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Signs of Success

Noelle Kirscht
Mr. Rekstad sits at the front of the classroom and signs.

Deonna Tate, Journalist

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The prospect of adding American Sign Language to the Prior Lake High School language department sparked interest and excitement among the students enrolling in classes last spring. Students that reached the limits of the High School’s program in their respective languages were particularly excited about this new addition.

For a number of years, the Prior Lake High School World Language department has consisted of Spanish, German, and French courses. Spanish remains the school’s most advanced language course, extending as far as Spanish five along with Medical Spanish and an AP course offered to students. German extends to level four S2S while, just last year, the High School began offering CIS French four.

Brent Rekstad, Prior Lake High School’s new ASL teacher, explained that one of the interpreters at PLHS suggested offering the course this school year. 

Mr. Rekstad’s interest in the language began the summer after his senior year of high school, where he worked at a camp for deaf/hard of hearing children ages 6-16. Mr. Rekstad, who’s been teaching ASL since 2002, shared that he likes the excitement students bring to learning. Although new to the area, Mr. Rekstad explained that he’s enjoying teaching at PLHS thus far because “students are excited to learn and they’re very respectful in class.”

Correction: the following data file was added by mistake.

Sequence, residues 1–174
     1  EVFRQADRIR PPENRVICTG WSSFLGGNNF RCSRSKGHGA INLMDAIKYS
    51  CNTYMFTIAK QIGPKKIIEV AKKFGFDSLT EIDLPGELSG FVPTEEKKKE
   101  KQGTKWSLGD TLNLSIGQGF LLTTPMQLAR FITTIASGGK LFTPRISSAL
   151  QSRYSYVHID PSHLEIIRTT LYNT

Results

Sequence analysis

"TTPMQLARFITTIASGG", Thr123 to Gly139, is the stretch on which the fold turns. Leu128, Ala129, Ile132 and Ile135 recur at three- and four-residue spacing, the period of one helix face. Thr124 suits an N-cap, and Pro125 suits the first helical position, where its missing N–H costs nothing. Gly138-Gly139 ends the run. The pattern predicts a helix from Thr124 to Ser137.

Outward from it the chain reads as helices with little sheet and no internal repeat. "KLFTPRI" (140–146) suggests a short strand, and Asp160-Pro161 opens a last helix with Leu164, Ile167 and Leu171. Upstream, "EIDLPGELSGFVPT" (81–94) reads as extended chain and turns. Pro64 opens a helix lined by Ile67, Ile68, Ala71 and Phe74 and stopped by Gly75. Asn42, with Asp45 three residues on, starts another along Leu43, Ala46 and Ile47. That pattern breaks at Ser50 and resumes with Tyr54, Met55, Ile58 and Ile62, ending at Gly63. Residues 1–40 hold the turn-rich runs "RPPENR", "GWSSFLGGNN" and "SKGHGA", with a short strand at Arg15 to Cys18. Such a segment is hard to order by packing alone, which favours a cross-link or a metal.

Senior Jacqueline Resh completed Spanish five her junior year and decided to take advantage of the highly anticipated ASL class. Though currently undecided on a college major, Resh had been looking into Speech Pathology and believed ASL would be a useful skill if she decided to pursue the area of study.

Jacqueline revealed that excluding the obvious lack of verbal communication, the ASL class greatly differs from other language courses. Mr. Rekstad arranges desks in a circle with everyone facing the center. “It’s nice because we can see everyone, which is important when we’re signing,” commented Resh.

Resh also explained that Mr. Rekstad sometimes takes their “mouth keys.” “We’re essentially silent the whole hour and he teaches at the front of the room, using signs we’ve already learned, props, and drawings.” Resh expressed appreciation for Mr. Rekstad’s teaching methods, saying that the activity keeps them engaged and it feels more authentic.

After completing their first year of ASL, students will be able to introduce themselves and others as well as sign basics, including countries, families, and favorites. With class sizes of over 30 students, the course promises growth in the future. Jacqueline’s only complaint about the course was that it wasn’t offered at PLHS earlier than her senior year.

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Signs of Success